gettysburg the last invasion

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Author : Allen C. Guelzo
ISBN : 9780385349642
Genre : History
File Size : 28. 52 MB
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Winner of the Guggenheim-Lehrman Prize in Military History An Economist Best Book of the Year A Kirkus Reviews Best Nonfiction Book of the Year The Battle of Gettysburg has been written about at length and thoroughly dissected in terms of strategic importance, but never before has a book taken readers so close to the experience of the individual soldier. Two-time Lincoln Prize winner Allen C. Guelzo shows us the face, the sights and the sounds of nineteenth-century combat: the stone walls and gunpowder clouds of Pickett’s Charge; the reason that the Army of Northern Virginia could be smelled before it could be seen; the march of thousands of men from the banks of the Rappahannock in Virginia to the Pennsylvania hills. What emerges is a previously untold story of army life in the Civil War: from the personal politics roiling the Union and Confederate officer ranks, to the peculiar character of artillery units. Through such scrutiny, one of history’s epic battles is given extraordinarily vivid new life. From the Trade Paperback edition.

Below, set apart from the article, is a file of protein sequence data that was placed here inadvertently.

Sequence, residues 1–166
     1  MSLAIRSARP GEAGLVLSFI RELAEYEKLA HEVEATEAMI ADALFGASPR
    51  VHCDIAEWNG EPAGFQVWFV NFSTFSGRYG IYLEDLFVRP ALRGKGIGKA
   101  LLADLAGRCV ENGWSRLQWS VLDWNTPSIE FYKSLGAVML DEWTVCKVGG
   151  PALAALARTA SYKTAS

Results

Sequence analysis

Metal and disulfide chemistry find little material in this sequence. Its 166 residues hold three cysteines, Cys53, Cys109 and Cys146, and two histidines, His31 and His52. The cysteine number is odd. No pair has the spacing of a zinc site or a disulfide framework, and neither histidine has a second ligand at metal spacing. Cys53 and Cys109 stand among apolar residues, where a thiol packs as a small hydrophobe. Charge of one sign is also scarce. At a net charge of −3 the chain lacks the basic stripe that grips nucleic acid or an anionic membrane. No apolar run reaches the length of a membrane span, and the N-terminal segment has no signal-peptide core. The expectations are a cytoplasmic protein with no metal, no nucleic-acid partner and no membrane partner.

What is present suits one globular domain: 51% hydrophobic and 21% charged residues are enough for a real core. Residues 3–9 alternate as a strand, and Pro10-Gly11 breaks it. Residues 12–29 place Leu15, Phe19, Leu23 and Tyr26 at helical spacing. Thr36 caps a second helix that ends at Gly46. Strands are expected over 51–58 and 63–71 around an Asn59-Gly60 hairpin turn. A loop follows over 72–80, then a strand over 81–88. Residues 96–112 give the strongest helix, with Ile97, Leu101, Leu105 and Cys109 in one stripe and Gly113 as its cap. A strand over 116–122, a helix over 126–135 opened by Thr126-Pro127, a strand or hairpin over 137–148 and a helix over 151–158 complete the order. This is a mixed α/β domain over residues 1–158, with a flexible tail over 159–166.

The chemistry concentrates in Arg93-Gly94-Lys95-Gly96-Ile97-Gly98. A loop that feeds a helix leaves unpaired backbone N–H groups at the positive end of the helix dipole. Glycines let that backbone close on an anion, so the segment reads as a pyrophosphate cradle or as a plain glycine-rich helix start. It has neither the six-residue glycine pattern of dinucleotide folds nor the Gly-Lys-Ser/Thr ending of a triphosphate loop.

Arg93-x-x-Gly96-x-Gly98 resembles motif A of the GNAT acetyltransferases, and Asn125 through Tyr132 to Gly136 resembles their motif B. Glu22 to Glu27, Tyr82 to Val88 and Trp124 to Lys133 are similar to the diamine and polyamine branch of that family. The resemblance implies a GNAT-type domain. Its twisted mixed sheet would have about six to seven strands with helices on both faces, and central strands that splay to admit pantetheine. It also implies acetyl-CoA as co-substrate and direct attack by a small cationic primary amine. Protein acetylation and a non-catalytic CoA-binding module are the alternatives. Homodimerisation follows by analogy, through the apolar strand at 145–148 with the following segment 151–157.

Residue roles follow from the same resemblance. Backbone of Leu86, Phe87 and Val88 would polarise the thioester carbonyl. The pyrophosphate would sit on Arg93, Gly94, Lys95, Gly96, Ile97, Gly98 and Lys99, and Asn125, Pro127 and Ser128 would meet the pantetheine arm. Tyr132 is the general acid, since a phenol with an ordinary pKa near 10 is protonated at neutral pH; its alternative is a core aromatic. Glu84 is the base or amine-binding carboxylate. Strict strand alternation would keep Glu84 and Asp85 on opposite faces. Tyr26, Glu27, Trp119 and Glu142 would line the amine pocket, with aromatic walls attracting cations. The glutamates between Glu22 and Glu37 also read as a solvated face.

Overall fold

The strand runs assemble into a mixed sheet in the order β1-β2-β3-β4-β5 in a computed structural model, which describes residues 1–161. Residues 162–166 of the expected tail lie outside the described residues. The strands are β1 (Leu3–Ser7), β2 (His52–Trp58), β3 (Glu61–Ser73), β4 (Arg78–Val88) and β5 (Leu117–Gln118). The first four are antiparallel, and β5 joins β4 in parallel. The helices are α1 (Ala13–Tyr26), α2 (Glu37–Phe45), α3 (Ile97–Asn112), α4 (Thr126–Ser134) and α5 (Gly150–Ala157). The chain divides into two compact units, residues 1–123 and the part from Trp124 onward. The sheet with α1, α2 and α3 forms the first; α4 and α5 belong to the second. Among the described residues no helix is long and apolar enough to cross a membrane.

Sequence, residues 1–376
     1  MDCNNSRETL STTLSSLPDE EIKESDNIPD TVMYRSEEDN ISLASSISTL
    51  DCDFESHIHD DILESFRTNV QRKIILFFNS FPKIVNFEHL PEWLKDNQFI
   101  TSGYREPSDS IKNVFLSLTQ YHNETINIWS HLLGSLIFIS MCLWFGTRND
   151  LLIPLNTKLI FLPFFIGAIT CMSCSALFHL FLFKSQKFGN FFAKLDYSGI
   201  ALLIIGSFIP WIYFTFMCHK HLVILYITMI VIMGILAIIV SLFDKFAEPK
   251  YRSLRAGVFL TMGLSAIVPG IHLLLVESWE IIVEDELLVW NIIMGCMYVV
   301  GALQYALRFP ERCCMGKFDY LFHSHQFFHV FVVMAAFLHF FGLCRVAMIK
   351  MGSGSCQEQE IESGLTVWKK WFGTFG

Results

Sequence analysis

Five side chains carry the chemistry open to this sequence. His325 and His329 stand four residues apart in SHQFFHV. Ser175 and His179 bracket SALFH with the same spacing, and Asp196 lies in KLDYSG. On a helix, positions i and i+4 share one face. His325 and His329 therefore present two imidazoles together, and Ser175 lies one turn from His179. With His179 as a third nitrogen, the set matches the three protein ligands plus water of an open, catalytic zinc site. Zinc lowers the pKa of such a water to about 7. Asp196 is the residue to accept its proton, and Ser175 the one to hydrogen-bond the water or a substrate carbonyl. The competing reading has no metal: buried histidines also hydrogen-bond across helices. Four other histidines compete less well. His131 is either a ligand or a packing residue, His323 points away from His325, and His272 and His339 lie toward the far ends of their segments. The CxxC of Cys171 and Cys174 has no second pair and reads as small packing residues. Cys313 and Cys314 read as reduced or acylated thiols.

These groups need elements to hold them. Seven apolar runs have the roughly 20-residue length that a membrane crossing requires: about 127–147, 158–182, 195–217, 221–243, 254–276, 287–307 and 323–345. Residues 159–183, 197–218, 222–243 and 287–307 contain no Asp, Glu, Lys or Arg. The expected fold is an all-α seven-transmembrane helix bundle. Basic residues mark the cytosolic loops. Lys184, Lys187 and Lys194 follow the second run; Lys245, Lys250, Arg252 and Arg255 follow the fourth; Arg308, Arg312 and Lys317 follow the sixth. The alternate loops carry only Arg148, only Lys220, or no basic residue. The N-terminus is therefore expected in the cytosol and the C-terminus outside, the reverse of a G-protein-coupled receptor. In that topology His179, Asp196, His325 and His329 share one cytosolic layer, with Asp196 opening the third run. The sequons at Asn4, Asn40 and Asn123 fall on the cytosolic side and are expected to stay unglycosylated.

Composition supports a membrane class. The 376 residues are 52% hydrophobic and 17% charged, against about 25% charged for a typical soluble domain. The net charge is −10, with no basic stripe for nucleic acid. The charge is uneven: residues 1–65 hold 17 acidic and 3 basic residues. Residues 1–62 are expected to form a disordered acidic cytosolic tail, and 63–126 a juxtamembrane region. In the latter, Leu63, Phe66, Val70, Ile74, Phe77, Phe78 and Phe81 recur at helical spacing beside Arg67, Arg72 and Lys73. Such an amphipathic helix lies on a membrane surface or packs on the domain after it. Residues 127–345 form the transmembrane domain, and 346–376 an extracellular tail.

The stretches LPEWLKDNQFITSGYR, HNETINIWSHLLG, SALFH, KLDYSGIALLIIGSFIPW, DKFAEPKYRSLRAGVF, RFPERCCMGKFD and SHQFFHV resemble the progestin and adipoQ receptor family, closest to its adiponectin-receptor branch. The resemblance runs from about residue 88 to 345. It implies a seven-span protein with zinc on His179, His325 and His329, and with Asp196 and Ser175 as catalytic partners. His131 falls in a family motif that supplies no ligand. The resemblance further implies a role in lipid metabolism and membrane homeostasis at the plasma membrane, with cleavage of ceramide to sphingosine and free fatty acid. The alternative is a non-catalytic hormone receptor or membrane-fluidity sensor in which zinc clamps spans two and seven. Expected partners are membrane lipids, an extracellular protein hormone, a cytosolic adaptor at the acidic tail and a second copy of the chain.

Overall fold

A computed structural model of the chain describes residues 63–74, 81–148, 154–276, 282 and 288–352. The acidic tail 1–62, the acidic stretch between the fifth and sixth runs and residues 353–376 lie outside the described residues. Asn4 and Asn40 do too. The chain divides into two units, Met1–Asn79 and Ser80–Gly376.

Lee S Real Plan At Gettysburg

Author : Troy D. Harman
ISBN : 0811700542
Genre : History
File Size : 83. 90 MB
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Revisionist study of Gen. Robert E. Lee's true tactical plan for Gettysburg: his intention, throughout the battle, to converge his forces upon and to seize Cemetery Hill on the Union center. The author centers his study around a set of commonly held beliefs, among them a mistaken interpretation of Confederate general Robert E. Lee's goals for the battle.

The Killer Angels

Author : Michael Shaara
ISBN : 0345513738
Genre : Fiction
File Size : 52. 44 MB